On the one hand, I was glad to see everything beforehand. It was like a trial run of what I will go through in just about five weeks. No surprises. On the other hand, I could have done without seeing the woman in labor, being wheeled into the room our tour group had just occupied. She was laying on her side on a stretcher, her face hidden by her arm, and she looked to be about 3/4 of the way to death. Turns out she was 10cm and ready to push when she was admitted. She was asking for an epidural which they couldn’t give to her, and they were telling her not to push because her doctor wasn’t there yet…. Yeah… Not my favorite memory of that “class.”

My second not-favorite memory of that “class?” Watching the birth video. I am a firm believer that a woman who is 34 weeks pregnant should not be shown a video of an actual vaginal birth. There’s just not much else to say about it besides, “I could have done without that, too.”

On Tuesday, I went to my non-stress test (NST) at Maternal Fetal Medicine. I go for these tests twice a week. If the baby were to present with a consistent elevated heart rate, we might assume she was hyperthyroid and potentially need to be delivered early. Also they check to see how she tolerates activity in the womb and contractions. Turns out, I had quite the stressed out uterus that morning. I had seven contractions in the 20 minutes I was hooked up to the monitors. This worried the tech and the doctor, and I was checked for dilation. Luckily, the shop was all closed up. They sent me home without further explanation.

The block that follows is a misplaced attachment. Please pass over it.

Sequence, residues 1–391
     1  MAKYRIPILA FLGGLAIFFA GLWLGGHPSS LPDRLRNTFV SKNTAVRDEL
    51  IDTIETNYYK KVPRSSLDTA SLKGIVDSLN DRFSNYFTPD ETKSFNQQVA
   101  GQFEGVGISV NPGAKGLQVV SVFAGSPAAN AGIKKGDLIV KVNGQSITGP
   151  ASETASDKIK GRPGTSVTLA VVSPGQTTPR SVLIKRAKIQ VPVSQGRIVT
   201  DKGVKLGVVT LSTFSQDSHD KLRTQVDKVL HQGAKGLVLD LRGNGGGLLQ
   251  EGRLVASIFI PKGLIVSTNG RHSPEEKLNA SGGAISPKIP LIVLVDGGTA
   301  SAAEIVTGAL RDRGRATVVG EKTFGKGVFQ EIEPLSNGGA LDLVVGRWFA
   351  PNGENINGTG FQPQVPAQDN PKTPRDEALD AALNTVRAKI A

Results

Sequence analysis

Tuesday night, I continued to regularly (but painlessly) contract.

Wednesday morning- more of the same. So I called my OB, wondering if I was just supposed to allow this to go on. They told me to come in right away. So in I went. I was swabbed for a fetal fibronectin test– negative, checked for dilation- closed and given another NST- still contracting. All, for the most part, indicated that I was not in preterm labor. But they told me to come back Thursday for another NST. They also advised me up up my water/gatorade intake (which I did), in case I was dehydrated.

Thursday, I went in for the NST- contracting much more infrequently and mildly. The results were encouraging, and the baby continues to tolerate everything perfectly. I was relieved and reassured that the little lady wouldn’t be making her debut anytime soon.

Friday, I had an appointment with my endocrinologist. Andrew was able to attend this appointment with me, which I know he was happy about. We have been pretty fearful of the effects my Graves Disease and hypothyroidism will have on our daughter. And to date, this doctor, Dr. Leichter (who has 43 years as an endocrinologist) in Columbus, GA, has been the only person able to educate and reassure us enough that, so long as my thyroid levels (specifically my TSH) are kept in a normal range, our baby will be born healthy.

Five straight days of nothing but baby.

And as if that wasn’t enough of a reminder, today, I put on a maternity swimsuit and “swam” laps in the indoor pool on post. You’re already laughing? I’ll do you one better. Picture a beluga whale who has lost her buoyancy, in a black polka dot tankini, using a bright blue lifebelt and kick boards to stay afloat and maneuver up and down the “medium” speed lap lane. Got it? Well, that was me. All 35 weeks of me and my smokin’ hot, fast moving baby-bod.

This is my life, and it’s all a little surreal. I’m huge. I’m uncomfortable. I’m tired. I’m hungry. I’m hot. I’m impatient. I’m pregnant. I’m having a baby. I’m round. I’m incubating. I’m healthy. I’m nurturing. I’m prepared. I’m excited. And I am so, so blessed. A little nervous, too.